ARGUED JANUARY 10, 1975.
DECIDED MARCH 14, 1975.
Motion to suppress. Fulton Superior Court. Before Judge Tidwell.
Lewis R. Slaton, District Attorney, R. David Petersen, Gordon H. Miller, Joseph J. Drolet, Assistant District Attorneys, for appellant.
Glenn Zell, Al Horn, for appellee.
In this search and seizure case, the state appeals from the order of the trial court sustaining defendant's motion to suppress.
The affidavit by the police officer upon which the search warrant issued set forth the following facts to establish probable cause: "On March 21, 1974, I received information from a confidential and reliable informant that the above described drugs [barbiturates, amphetamines, MDA, opium derivatives] are now being stored, sold and used at the above described location, by a subject named Charles Ovid Babb. Informant states that informant has been at the above described location within the past 72 hours of March 22, 1974. Informant has proven reliability in the past on several occasions supplying information which has led to the arrest of several persons on drug charges and the seizure of various drugs. One of those arrested being Albert Charles Jolly. A surveillance made by the affiant on March 21-22, 1974 observed several people coming and going to the above described location and staying only a few minutes at a time."
The motion to suppress attacked the sufficiency of the affidavit on the ground that it contained no underlying facts by which the magistrate could determine how the informant obtained his information. Held:
1. "[T]he Fourth Amendment's commands, like all constitutional requirements, are practical and not abstract. If the teachings of the Court's cases are to be followed and the constitutional policy served, affidavits for search warrants, such as the one involved here, must be tested and interpreted by magistrates and courts in a commonsense and realistic fashion. They are normally drafted by nonlawyers in the midst and haste of a criminal investigation. Technical requirements of elaborate specificity once exacted under common law pleadings have no proper place in this area. A grudging or negative attitude by reviewing courts toward warrants will tend to discourage police officers from submitting their evidence to a judicial officer before acting ... Although in a particular case it may not be easy to determine when an affidavit demonstrates the existence of probable cause, the resolution of doubtful or marginal cases in this area should be largely determined by the preference to be accorded to warrants." United States v. Ventresca, 380 U. S. 102, 108 ( 85 SC 741, 13 L.Ed.2d 684). Accord, Driscoll v. State, 129 Ga. App. 702 ( 201 S.E.2d 11).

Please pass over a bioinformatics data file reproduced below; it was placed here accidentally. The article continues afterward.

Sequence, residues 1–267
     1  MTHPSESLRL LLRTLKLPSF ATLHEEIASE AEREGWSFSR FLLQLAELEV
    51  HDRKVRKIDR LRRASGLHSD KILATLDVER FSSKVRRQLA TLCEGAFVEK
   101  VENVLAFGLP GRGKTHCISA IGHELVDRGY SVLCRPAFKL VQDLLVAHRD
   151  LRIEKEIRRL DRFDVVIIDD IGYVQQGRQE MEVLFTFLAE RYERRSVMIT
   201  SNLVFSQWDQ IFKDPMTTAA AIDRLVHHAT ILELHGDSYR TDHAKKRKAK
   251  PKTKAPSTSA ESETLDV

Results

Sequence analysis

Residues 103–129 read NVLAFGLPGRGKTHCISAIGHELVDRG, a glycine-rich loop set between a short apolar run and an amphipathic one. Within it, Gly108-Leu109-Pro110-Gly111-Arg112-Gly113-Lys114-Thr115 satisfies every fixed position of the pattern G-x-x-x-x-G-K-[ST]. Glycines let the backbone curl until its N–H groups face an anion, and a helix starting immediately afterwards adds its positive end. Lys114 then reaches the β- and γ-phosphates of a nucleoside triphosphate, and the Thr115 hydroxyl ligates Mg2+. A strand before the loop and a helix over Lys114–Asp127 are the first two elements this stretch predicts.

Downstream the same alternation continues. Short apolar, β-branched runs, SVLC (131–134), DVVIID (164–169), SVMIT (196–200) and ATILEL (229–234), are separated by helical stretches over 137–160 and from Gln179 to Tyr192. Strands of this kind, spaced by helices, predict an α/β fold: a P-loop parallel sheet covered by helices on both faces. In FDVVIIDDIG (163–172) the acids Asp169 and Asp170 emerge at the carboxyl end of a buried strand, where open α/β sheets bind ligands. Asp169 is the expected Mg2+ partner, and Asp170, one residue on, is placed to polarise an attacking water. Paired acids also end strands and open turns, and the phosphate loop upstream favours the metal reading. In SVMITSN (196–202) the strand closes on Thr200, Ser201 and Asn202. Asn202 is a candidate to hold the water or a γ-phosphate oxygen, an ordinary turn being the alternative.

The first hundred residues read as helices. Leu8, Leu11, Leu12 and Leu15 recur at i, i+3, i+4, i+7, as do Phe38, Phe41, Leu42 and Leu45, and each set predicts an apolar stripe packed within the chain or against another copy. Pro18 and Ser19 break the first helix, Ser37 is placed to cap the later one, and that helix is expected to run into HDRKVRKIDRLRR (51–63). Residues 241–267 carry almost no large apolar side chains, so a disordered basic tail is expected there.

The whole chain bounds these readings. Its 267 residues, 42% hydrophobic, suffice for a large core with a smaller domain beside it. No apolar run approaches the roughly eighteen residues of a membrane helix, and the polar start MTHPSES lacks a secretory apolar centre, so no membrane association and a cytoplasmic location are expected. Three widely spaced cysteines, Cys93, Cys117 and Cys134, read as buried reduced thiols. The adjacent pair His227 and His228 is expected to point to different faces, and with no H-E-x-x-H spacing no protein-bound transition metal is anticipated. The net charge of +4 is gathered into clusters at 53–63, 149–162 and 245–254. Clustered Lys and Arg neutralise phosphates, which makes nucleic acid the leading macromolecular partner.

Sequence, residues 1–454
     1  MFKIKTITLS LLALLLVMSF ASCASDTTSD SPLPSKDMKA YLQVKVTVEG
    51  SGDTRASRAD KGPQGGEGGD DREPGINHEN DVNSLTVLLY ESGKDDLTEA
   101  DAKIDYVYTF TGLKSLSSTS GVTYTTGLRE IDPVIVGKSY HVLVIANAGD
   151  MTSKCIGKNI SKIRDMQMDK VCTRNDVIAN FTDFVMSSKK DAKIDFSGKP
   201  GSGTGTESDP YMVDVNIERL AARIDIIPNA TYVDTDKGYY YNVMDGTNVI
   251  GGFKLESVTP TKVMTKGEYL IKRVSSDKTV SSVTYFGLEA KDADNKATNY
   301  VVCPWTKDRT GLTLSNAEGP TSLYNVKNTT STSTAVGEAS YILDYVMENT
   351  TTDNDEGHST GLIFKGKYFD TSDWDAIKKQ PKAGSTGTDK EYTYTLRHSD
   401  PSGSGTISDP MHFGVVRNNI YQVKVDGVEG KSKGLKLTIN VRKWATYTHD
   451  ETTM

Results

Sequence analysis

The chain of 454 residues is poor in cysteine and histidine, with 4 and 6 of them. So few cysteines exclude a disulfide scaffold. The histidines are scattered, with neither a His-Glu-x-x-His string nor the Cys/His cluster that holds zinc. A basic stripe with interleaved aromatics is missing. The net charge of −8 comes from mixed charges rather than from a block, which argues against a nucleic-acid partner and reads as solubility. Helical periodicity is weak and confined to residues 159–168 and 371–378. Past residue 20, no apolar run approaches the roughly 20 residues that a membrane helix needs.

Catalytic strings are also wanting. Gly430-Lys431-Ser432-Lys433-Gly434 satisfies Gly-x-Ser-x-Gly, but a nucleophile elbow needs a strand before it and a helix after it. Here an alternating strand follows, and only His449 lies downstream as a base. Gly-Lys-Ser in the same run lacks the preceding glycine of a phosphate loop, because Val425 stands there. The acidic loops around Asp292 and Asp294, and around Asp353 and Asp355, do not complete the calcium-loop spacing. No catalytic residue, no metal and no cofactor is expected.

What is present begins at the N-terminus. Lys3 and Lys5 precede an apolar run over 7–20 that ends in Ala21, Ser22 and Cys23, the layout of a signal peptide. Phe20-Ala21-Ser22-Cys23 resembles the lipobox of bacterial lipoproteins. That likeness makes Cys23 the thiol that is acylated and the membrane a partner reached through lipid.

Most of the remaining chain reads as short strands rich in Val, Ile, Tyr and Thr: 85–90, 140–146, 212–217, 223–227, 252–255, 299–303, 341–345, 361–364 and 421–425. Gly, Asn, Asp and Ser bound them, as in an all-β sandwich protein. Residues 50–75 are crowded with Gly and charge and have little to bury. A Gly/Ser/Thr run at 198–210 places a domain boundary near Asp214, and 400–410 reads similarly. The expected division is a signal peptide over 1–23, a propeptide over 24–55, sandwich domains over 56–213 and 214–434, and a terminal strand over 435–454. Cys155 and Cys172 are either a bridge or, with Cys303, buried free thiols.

The critical portion of the affidavit reads: "On March 21, 1974, I received information from a confidential and reliable informant that the above described drugs are now being stored, sold and used at the above described location... Informant states that informant has been at the above described location within the past 72 hours..." While the affidavit does not explicitly set forth how the informant obtained his information, we think that by a "commonsense and realistic" reading of the affidavit the only reasonable inference which can be drawn is that the informant personally observed the described activities when he was upon the premises.
Our ruling is in accord with Johnston v. State, 227 Ga. 387 ( 181 S.E.2d 42), cert. den., 404 U.S. 830. In that case, the affidavit read: "On August 26, 1969, an informer told officers that subject had in his room and automobile above described a large quantity of narcotic and dangerous drugs not obtained on prescription. Upon checking, officers determined that this informer was in a position to have seen these narcotic drugs as described by him." In affirming the denial of defendants' motions to suppress, the court ruled: "As to the contention that the affidavits contain no underlying facts as to how the informant obtained his information, the only reasonable inference from the statements, that the informant had stated that the defendants had the illicit drugs and that it had been determined that he had been in a position to have seen them, is that he had personally observed the things about which he told the police officers." P. 389. Compare Cain v. State, 128 Ga. App. 146 ( 195 S.E.2d 797) where the affidavit failed to indicate that the informant was in a position to have personally observed the contraband.
2. In view of our ruling in Division 1, it is unnecessary to determine whether the trial judge may consider testimony concerning oral information which was presented to the issuing magistrate but was neither recorded nor incorporated in the affidavit.
Judgment reversed. Pannell, P. J., and Quillian, J., concur.